Understanding Washington DC in an Age of Trump

Should-Read: Secular stagnation as the result of a collapse in the financial sector's risk-bearing capacity. Calls for a "somewhat comprehensive socialization of investment", no? If the private sector cannot figure out a way to mobilize society's collective risk-bearing capacity to bear the risks of enterprise, then the public sector is all we got, no?

Ricardo Caballero, Alp Simsek: Risk intolerance and the global economy: A new macroeconomic framework: "Interest rates continue to decline across the globe, while returns to capital remain constant or increasing...

...The reasons for this widening risky-safe gap are wide-ranging.... The secular rise of risk intolerance... [needs] a new macroeconomic framework suitable for this environment... to discuss the current global macroeconomic context, its underlying fragility, and the coexistence of low equilibrium interest rates and high speculation....

While there are a variety of contributing factors behind this widening risky-safe return gap, ranging from reduced competition in goods markets to technological changes, the dominant one is a steady rise in the equity risk premium since 2000, which was exacerbated by the Subprime Crisis and has only recently began to recede in the US, but has continued its rise in the rest of the G5 economies (see Figure 1). This rise in the degree of risk intolerance is a global phenomenon with significant macroeconomic implications.... In the current risk-intolerant environment it is important to... highlight... two potential gaps.... [O]utput but also risks.. need corresponding demands. If the demand for risk is insufficient, output and risk gaps emerge. These gaps feed into each other and have the potential to cause deep contractions....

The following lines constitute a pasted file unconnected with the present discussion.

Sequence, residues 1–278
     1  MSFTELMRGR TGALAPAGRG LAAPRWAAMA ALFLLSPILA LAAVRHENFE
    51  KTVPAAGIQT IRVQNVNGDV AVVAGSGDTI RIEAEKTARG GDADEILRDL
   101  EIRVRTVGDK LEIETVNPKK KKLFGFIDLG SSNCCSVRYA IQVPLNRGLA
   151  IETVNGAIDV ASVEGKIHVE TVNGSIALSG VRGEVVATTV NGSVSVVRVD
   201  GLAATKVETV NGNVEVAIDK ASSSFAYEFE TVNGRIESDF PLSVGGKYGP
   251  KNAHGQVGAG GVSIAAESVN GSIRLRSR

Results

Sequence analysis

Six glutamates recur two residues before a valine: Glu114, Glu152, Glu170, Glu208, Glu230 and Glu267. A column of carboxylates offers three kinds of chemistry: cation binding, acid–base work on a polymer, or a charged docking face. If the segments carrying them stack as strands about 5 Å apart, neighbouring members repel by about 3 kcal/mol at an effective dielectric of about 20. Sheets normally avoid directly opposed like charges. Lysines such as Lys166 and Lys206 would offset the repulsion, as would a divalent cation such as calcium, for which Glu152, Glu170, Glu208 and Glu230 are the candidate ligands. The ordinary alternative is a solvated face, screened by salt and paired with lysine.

Imagine... macroeconomic uncertainty rises... a reduction in economic agents' desire to hold the risk produced by the productive capacity, embodied in... financial assets.... In this context, monetary policy works by reducing the opportunity cost of risky investments.... But what if interest rates cannot be adjusted enough to fully offset the rise in increased volatility? In developed economies... the zero lower bound.... In emerging market economies... concerns with sharp depreciations or inflationary spikes. Then a risk gap develops... reduces consumption through a wealth effect and investment through a standard valuation (marginal-Q) channel. This causes an output gap, which lowers profits and asset prices, and further increases the risk gap. This potentially deadly embrace between risk and output gaps can only be stopped by enough optimism....

This risk intolerant environment and perspective also permeates normal (non-recessionary) low-volatility times.... Depressed rates fuel speculation by relatively optimistic agents. When there is more speculation, the economy is even more exposed to a spike in volatility, as this could now wipe out optimists and lead to a deeper crisis due to lack of optimism.... Thus, speculation adds to the uncertainty perceived by the median agent and further lowers the natural rate.... In this environment, there is clear scope for macroprudential policy, because optimists' risk taking (and the resulting speculation) is associated with aggregate demand externalities.... Macroprudential policy that restricts optimists' risk taking can lead to a Pareto improvement (that is, we evaluate investors' welfare according to their own beliefs). Moreover, the policy is naturally procyclical as the tightening of prudential regulation always has a negative impact on current aggregate demand–but this effect can be easily offset with interest rate policy when volatility is low, but not when there is a severe volatility spike and the effective lower bound is binding....

The world economy is currently ‘bipolar’, in the sense that there is a very short distance (in volatility space) between the current (good momentum, low volatility, high speculation) environment, and a global recession induced by a risk perception spike.

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